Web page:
In FIG. 3, the proportion of after glow obtained when a phosphor of (Gd0.997-y Pr0.003 Cey)2 O2 S:F is used as scintillator is shown, wherein the after glow of a sample containing no Ce is taken as 100. The excitation of phosphor is effected with an X-ray (120 KV) having a rectangular pulse of 4 msec. Under the same excitation conditions, the light output decreases as shown by the dotted line 7 as the concentration of Ce (expressed in term of atomic ratio to the total trivalent rare earth ions) increases. On the other hand, the proportion of after glow is expressed by the curve 8, wherein an average value of light output between 2 msec to 14 msec after stopping the excitation with X-ray is normalized with the light output under excitation with X-ray. As is clear from the drawing, when the y value of Ce concentration falls in the range of 0.000001≦y≦0.005, the proportion of after glow rapidly decreases while the decrease in light output is not so great. This tendency is particularly remarkable when y is in the range of 0.000001≦y≦0.0001, which is more preferable. In FIG. 3, the value of ordinate 100 corresponds to about 1/500 of the light output under excitation, so far as the above-mentioned experimental conditions are adopted.

The phosphor used in this invention can also be used in X-ray intensifying screens and the like. In such a case, a phosphor in which Ln of the general formula is Tb is preferable in that its luminescence spectra well matches with the characteristics of film.

This invention will be explained in more detail by way of the following Examples.

EXAMPLE 1

______________________________________Gd2 O3           33.5200 gGdPO4      4.0236 gPr6 O11           0.1022 gCe(NO3)3.6H2 O           0.0013 g______________________________________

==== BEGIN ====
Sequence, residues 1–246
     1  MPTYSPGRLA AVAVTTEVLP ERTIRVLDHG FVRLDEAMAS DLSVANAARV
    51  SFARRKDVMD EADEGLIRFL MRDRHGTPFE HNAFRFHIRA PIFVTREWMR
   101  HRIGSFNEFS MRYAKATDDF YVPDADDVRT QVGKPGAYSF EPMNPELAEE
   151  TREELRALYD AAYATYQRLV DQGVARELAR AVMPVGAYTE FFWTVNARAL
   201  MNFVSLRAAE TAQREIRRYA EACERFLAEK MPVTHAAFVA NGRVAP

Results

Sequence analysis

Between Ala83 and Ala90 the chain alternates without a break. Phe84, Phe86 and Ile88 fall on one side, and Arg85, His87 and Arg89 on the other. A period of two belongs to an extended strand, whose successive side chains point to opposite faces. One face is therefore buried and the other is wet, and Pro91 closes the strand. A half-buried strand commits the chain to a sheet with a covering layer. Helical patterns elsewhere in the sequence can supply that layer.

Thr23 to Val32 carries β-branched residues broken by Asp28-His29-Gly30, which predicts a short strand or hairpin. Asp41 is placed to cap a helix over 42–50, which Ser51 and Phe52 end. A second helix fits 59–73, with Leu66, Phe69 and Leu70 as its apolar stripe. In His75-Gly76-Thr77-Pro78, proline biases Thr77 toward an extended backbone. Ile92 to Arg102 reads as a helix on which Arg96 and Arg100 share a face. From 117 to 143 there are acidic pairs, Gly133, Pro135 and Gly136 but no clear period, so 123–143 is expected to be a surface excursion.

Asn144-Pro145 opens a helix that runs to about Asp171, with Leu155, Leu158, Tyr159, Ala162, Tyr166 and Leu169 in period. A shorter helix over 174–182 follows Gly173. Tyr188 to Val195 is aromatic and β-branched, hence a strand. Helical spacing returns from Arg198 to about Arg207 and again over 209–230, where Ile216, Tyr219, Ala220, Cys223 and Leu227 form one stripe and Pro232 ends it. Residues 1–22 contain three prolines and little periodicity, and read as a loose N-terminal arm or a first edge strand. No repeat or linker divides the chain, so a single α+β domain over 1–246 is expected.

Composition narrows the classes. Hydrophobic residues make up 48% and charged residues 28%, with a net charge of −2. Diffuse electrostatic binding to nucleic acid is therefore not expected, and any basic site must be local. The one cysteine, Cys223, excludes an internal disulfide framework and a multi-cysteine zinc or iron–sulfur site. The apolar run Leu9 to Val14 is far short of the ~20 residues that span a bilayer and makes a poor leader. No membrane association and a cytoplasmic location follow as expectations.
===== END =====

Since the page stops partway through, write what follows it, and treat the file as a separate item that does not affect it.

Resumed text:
The above-mentioned ingredients were weighed in a beaker, to which water was added and mixed sufficiently. The mixture was then dried. This dry powder was placed in a 200-ml bottle made of acrylic resin, to which were added and mixed sufficiently by rolling the following materials:

______________________________________Na2 CO3          9.5720 gS              9.5610 gK3 PO4.3H2 O          3.2330 gNa2 P2 O7          0.9839 gNH4 PF6           0.4889 g.______________________________________

The resulting mixed starting material was packed in an alumina crucible having a volume of 50 ml. After putting an alumina lid on the crucible, the mixture was fired at 1,180 C. for 3 hours in air. The yellow colored fired product was taken out of the alumina crucible, immediately immersed in pure water and agitated with a stirrer. Because of the dissolution of sodium sulfide Na2 Sx, the solution turned yellow. After repeating washing with water until the solution became colorless, it was passed through a 200 mesh (Tyler standard) sieve. After removing the supernatant liquid by decantation, 500 ml of 0.15 N aqueous solution of HCl was added thereto and stirred for one hour. After the treatment with HCl, it was washed with pure water until conductivity of the washing liquid became 10 μσ/cm or less, and the phosphor thus obtained was dried at 140 C. The thus obtained phosphor had the following composition:

(Gd0.997 Pr0.003 Ce1510 -6)2 O2 S:(F)

The luminescence intensity of this phosphor under X-ray excitation was 81, taking the luminescence intensity of a phosphor synthesized in the same manner as above without adding Ce as 100. The after glow component intensity of this phosphor was 9.7, taking that of the phosphor containing no Ce as 100. Its luminescence spectrum was nearly the same as that of the phosphor containing no Ce, this fact being the same throughout all the examples mentioned below.

The amount of the above-mentioned F was 80 ppm by weight. If the luminescence intensity of a phosphor containing no F was taken as 100, the luminescence intensity of this phosphor was 123. When the quantity of Ce (y) was controlled and adjusted to 110-5, 610-6 and 310-6, the luminescence intensity was 131, 140 and 147, respectively, taking that of the phosphor containing no F as 100.

EXAMPLE 2

______________________________________Y2 O3 20.7149 gYPO4       2.9335 gPr6 O11           0.1022 gCe(NO3)3.6H2 O           0.0013 g______________________________________

The above-mentioned ingredients were weighed in a beaker, to which was added water and mixed sufficiently. The mixture was then dried. This dry powder was placed in a 200-ml bottle made of acrylic resin, to which were added and mixed sufficiently by rolling the following materials: